I had found also found a few hints to a bluetooth-related hack but I had been paranoid enough anyway to never turn on bluetooth for such reasons – and I considered it absurd that some evil hacker was lurking in the fields behind our backyard trying to control my phone over bluetooth … for the sole purpose of placing these votes.
Accidentally, some time later I had access to an itemized phone bill issued by the same provider to a client of mine.
On the other customer’s bill I found different uncommon phone numbers, in this case for other silly games – but the pattern was the same: A small amount of money spent on dubious services compared to the total bill. Isn’t’ that perfect business model? Rip off business customers whose bill is likely to be much higher than the costs of the fraudulent calls and whose lengthy detailed bills would not be checked. I only discovered both incidents as I am quite obsessed with a semi-automated nerdy analysis of phone bills.
Of course I called the phone company again on behalf of my client, and we are again treated as clueless participants in online games who tried to deny the obvious.
I am not such a hardcore phone phreak – so I am still looking for clues.
In the only feasible explanations were:
- Somebody doing that elaborate over-the-air-hack that was – in 2009 – quite leading edge.
- A manipulation of the data in the provider’s data center – that’s why I thought my inquiry could be helpful and I would not be treated as the most stupid phone user or as a liar.
But probably SMS spoofing does not require so elaborate a hack as it seems to be surprisingly easy to make a text message appear to originate from another number. Many sites offer SMS spoofing for pranks and for legitimate marketing. This article describes a scenario involving a malicious user impersonating subscriber with number 1112221111 and explains that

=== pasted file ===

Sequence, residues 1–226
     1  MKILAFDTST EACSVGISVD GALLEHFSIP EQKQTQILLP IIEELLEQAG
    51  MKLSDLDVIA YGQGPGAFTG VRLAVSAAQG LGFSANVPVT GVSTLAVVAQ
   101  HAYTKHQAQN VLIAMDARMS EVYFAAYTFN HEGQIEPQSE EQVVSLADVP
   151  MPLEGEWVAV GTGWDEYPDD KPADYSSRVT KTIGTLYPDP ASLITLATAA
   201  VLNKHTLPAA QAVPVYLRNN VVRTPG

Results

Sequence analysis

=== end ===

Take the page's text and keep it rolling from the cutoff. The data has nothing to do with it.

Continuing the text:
The larger problem is that the subscriber attached to the 1112221111 number is billed for the SMS message and is likely to balk at the incorrect charge.
(Yes. If the customer has a chance to balk.)
Now I am waiting for some offers from lawyers reading this who might want to help me fight for my € 27,- in the future. I promise this is going to be as exciting as a Michael Crichton movie.
I was tempted to add – alluding to my nostalgic images: Those were so much safer! But the history of phone phreaking actually shows that the ancient phone system had suffered from glaring vulnerabilities re-discovered again and again since the 1950s. What did they expect from a system that uses the same line for sending voice and control signals? Kids with perfect pitch, often blind, discovered how to whistle their way to free long-distance calls.
I celebrated my phone hacking anniversary by reading this book I can only give my highest recommendations:
The blurb is apt: Before smartphones and iPads, before the Internet or the personal computer, a misfit group of technophiles, blind teenagers, hippies, and outlaws figured out how to hack the world’s largest machine: the telephone system.